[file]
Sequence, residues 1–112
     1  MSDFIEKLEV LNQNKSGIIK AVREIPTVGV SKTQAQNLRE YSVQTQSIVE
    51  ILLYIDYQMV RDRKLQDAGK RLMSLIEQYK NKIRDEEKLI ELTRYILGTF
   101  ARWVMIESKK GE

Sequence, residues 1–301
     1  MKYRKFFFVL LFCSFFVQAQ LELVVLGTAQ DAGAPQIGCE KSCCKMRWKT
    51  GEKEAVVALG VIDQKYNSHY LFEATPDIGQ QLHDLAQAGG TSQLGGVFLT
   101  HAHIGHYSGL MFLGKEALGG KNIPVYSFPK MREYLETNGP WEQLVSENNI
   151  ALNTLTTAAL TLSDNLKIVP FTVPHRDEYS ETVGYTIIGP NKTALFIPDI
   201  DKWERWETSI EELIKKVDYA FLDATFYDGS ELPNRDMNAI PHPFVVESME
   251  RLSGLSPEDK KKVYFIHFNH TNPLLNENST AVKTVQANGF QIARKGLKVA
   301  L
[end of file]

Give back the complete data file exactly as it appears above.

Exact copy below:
Sequence, residues 1–112
     1  MSDFIEKLEV LNQNKSGIIK AVREIPTVGV SKTQAQNLRE YSVQTQSIVE
    51  ILLYIDYQMV RDRKLQDAGK RLMSLIEQYK NKIRDEEKLI ELTRYILGTF
   101  ARWVMIESKK GE

Sequence, residues 1–301
     1  MKYRKFFFVL LFCSFFVQAQ LELVVLGTAQ DAGAPQIGCE KSCCKMRWKT
    51  GEKEAVVALG VIDQKYNSHY LFEATPDIGQ QLHDLAQAGG TSQLGGVFLT
   101  HAHIGHYSGL MFLGKEALGG KNIPVYSFPK MREYLETNGP WEQLVSENNI
   151  ALNTLTTAAL TLSDNLKIVP FTVPHRDEYS ETVGYTIIGP NKTALFIPDI
   201  DKWERWETSI EELIKKVDYA FLDATFYDGS ELPNRDMNAI PHPFVVESME
   251  RLSGLSPEDK KKVYFIHFNH TNPLLNENST AVKTVQANGF QIARKGLKVA
   301  L